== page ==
- The Washington Times - Sunday, June 9, 2019

Sen. Ron Johnson, Wisconsin Republican, said Sunday that President Trump negotiated “brilliantly” with Mexico by securing a border-security deal days after threatening to impose tariffs.

“In general, Republicans understand tariffs are attacks on American consumers, and we don’t want to see them in place long term, not do I believe President Trump does, either,” Mr. Johnson told “Fox News Sunday.” “He’s using tariffs as leverage in trade negotiations, and I think he used them as leverage in this situation brilliantly, quite honestly.”

Mr. Trump announced Friday he would suspend his threat of a tariff starting at 5 percent and rising as high as 25 percent after reaching an agreement with Mexico on border security.

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That deal includes deploying 6,000 National Guard troops with a focus on its southern border to stem the tide of illegal immigrants crossing from Central America on their way to the United States, as well as expand a program keeping asylum-seekers in Mexico as they await the results of their cases.

Mr. Johnson, who chairs the Senate Homeland Security Committee, said he contacted the Mexican ambassador to the U.S. to underscore the seriousness of the president’s threat.

“I called the Mexican ambassador and said, ‘Regardless of what you read in the press, understand, if the president imposes tariffs, he’s dead serious about this,’” Mr. Johnson said. “There are not votes to override it, so take that threat very seriously. You know you have to do more.”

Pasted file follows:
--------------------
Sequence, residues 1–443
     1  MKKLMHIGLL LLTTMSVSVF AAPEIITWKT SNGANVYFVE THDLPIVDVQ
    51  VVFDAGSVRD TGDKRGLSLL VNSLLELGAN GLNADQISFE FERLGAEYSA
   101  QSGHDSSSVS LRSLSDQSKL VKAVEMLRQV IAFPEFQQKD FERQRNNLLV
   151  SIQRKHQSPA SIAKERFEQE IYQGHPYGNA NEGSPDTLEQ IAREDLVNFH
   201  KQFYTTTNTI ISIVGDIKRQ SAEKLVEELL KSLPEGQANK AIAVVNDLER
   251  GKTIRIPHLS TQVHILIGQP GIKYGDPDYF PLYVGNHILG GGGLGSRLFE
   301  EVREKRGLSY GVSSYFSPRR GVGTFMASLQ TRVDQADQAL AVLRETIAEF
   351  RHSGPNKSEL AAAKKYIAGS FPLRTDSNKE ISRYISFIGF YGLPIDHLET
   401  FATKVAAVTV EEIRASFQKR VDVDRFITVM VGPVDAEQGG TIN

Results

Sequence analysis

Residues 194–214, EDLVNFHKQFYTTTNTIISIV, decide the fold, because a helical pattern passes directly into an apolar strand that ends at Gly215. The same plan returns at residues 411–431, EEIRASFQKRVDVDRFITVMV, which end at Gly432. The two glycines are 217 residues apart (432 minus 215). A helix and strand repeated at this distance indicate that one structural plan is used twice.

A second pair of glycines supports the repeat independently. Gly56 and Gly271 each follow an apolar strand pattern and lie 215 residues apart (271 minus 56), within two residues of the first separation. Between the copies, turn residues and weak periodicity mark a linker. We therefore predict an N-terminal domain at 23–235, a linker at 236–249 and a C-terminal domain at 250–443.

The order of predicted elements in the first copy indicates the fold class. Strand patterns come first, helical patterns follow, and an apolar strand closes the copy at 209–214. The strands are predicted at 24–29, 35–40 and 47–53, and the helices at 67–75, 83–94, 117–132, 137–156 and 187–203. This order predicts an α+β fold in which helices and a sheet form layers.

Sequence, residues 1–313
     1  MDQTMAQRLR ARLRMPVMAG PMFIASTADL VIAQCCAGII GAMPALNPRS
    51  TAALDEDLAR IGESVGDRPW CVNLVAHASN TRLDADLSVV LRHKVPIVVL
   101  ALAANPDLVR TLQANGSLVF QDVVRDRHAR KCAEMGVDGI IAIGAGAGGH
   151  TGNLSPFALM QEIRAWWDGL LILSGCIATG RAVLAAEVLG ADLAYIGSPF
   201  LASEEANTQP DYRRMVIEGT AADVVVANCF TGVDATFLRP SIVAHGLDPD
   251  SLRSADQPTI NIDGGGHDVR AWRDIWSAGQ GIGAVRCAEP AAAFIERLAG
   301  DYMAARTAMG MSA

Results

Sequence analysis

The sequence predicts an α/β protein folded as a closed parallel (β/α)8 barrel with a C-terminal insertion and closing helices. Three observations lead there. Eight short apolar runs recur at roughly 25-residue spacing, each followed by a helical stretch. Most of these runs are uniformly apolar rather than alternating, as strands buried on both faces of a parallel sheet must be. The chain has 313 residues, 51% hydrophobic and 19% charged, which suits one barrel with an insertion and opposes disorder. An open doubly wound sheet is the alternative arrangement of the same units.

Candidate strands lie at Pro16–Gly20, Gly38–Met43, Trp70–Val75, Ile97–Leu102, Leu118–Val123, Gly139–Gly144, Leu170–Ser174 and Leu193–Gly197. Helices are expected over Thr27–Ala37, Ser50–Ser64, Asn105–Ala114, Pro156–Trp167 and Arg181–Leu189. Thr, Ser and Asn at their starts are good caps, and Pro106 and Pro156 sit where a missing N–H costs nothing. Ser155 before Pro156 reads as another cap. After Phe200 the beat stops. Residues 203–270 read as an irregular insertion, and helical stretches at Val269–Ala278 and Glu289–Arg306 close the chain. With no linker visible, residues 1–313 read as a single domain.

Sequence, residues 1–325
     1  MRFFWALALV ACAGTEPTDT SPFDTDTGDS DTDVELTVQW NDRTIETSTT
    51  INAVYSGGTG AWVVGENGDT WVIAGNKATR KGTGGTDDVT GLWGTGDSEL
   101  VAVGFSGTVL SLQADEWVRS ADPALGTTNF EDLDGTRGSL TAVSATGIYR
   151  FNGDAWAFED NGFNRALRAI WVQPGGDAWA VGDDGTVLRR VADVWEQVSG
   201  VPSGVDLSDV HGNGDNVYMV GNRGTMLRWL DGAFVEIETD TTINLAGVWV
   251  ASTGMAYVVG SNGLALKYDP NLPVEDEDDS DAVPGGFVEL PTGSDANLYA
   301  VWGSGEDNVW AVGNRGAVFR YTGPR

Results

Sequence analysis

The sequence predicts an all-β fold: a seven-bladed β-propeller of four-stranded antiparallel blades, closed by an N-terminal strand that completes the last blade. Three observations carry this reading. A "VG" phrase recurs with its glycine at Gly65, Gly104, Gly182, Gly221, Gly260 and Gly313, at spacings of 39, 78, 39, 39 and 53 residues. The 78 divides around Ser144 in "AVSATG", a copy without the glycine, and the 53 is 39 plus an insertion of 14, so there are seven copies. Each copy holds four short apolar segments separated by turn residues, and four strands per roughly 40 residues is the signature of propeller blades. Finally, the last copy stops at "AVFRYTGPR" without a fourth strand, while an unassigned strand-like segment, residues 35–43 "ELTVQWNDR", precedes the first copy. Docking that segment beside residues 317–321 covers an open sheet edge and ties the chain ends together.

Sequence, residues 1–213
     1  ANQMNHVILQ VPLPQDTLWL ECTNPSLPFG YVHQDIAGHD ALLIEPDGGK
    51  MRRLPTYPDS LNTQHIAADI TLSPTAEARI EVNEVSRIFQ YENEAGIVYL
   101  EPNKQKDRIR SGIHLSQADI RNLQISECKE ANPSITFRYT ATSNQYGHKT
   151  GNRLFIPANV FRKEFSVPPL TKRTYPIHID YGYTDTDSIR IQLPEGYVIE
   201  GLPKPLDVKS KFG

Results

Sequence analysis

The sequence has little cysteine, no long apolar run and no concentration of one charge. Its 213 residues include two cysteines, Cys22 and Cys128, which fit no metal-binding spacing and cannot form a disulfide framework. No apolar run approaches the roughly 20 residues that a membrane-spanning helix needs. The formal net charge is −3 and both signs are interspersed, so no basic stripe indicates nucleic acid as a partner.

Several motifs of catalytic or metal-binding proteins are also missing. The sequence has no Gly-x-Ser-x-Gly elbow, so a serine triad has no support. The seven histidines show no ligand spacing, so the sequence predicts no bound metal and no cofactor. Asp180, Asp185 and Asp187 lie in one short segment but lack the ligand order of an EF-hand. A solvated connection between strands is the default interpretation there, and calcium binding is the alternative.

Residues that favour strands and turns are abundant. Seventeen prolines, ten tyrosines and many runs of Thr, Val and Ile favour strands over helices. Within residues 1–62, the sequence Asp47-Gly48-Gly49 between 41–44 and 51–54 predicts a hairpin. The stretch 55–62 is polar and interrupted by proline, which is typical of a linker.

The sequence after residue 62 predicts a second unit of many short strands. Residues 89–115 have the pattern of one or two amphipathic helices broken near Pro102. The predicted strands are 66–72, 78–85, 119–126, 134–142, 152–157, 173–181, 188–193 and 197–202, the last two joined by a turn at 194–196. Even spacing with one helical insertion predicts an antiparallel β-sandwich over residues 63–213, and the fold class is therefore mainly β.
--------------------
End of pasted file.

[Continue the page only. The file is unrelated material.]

Democrats have refused to credit Mr. Trump with the agreement, instead blasting the president for playing hardball with an ally, while the New York Times reported Saturday that Mexico had already agreed to take action before Mr. Trump brought up tariffs.

Mr. Trump called the report “false,” tweeting that Mexico was “not being cooperative,” while Mr. Johnson said that the country has talked about enacting more border security measures in the past without following through.

Mexico’s always talked about beefing up support on their southern border, but they haven’t done it,” Mr. Johnson said. “The numbers we’re talking about, 6,000 National Guard troops, would be significant.”

Would the GOP caucus have backed the president if the tariffs had been implemented? “I think the caucus definitely supports the president on his use of tariffs as leverage to get our trading partners to treat us fairly with reciprocal treatment,” Mr. Johnson said.

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